Leclercia adecarboxylata as an emerging pathogen in human infections: a 13-year retrospective analysis in Southern Hungary
Introduction: The clinical role of Leclercia adecarboxylata as an opportunistic pathogen in the context of human infections have been highlighted by multiple published case reports, describing these bacteria as novel or emerging pathogens.
Methodology: The study included L. adecarboxylata isolates and laboratory data collected, corresponding to a 13-year time period (between 1 January 2005 and 31 December 2017). Presumptively identified L. adecarboxylata isolates were re-identified using VITEK 2 Compact ID/AST and MALDI-TOF MS analysis.
Results: n = 34 isolates were verified by VITEK 2 system and MALDI-TOF. The fosfomycin-agar and CPS Elite agar were effective in the phenotypic differentiation of the isolates. N = 18 (52.9%) of L. adecarboxylata was considered as clinically significant pathogens (based on the clinical signs and symptoms), while n = 16 (47.1%) were considered as contaminants. These pathogens were isolated from wound/abscess samples (n = 9), urine samples (n = 6) and blood cultures (n = 3). 31 out of 34 isolates (91.2%) were pan-sensitive (i.e. wild type) to the tested antibiotics. The median age of affected patients was 57 years (range: 12-80 years), 11 out of 18 patients (61.1%) presented with underlying immunosuppression at the time of isolation.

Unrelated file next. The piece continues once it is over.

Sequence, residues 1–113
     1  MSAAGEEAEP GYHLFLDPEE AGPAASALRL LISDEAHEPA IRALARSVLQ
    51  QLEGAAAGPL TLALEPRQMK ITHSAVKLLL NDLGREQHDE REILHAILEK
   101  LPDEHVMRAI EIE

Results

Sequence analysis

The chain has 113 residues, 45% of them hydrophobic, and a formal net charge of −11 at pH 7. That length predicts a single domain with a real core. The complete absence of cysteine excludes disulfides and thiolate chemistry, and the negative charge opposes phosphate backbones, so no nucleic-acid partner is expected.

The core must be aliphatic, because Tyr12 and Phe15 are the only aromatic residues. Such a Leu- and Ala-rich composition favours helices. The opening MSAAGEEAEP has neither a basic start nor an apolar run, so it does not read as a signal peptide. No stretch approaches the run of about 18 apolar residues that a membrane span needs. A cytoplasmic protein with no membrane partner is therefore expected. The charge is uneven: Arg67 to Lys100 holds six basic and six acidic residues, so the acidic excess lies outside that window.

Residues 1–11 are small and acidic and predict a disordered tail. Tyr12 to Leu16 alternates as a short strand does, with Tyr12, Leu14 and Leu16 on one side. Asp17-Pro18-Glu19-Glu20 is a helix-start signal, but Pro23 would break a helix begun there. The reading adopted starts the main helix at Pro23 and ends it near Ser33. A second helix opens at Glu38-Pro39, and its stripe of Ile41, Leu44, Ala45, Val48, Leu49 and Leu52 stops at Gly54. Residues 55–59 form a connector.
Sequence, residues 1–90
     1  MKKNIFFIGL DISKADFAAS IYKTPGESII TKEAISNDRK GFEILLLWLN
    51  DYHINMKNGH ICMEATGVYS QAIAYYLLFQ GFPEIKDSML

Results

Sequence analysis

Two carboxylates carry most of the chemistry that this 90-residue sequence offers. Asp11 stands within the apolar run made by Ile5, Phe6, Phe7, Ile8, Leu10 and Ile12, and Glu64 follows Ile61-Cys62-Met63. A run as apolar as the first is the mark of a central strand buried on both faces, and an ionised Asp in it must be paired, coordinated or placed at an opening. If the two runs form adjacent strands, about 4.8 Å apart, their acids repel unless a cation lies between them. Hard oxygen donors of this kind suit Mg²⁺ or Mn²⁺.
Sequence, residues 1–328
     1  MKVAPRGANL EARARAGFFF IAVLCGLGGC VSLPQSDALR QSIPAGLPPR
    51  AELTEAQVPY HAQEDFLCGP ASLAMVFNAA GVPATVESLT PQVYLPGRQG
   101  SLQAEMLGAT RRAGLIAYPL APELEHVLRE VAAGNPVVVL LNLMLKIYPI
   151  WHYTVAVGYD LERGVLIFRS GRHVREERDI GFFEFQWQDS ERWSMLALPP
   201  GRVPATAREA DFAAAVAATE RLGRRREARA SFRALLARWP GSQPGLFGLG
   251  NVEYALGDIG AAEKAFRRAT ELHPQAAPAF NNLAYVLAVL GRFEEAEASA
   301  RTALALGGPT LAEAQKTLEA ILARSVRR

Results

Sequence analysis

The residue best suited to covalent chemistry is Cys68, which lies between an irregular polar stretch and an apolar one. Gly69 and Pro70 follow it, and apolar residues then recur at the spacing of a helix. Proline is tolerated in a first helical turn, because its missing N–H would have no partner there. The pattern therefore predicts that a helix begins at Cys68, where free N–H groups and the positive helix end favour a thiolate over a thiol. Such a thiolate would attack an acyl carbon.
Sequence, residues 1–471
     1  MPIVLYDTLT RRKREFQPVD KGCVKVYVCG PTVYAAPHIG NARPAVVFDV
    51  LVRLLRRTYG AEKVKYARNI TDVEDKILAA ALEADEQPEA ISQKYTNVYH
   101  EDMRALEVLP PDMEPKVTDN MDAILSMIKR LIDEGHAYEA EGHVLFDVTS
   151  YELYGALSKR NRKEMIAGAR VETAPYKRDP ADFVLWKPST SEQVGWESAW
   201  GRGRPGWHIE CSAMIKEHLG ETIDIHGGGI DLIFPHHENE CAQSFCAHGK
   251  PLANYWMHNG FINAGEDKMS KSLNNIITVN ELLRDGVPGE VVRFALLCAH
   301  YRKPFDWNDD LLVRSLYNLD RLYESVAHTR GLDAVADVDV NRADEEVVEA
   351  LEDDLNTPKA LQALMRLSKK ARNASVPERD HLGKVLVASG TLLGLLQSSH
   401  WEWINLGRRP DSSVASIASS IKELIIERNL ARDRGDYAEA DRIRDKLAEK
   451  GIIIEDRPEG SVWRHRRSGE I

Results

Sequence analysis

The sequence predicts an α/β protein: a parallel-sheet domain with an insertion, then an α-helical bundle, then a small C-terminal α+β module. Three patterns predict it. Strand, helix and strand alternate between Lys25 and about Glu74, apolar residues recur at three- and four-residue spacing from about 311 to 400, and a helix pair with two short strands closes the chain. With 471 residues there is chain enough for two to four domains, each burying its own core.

Conclusions: Based on the finding of this study, the actual (published) frequency of L. adecarboxylata infections needs to be re-evaluated as the risk of misidentification (and reporting the isolate as a pan-sensitive Escherichia coli) is high. Additional reporting of cases, both from a microbiological and clinical standpoint, could help clinicians develop a better understanding of the potential of this organism as a pathogen.
Copyright (c) 2020 Márió Gajdács, Marianna Ábrók, Andrea Lázár, Gabriella Terhes, Katalin Burián
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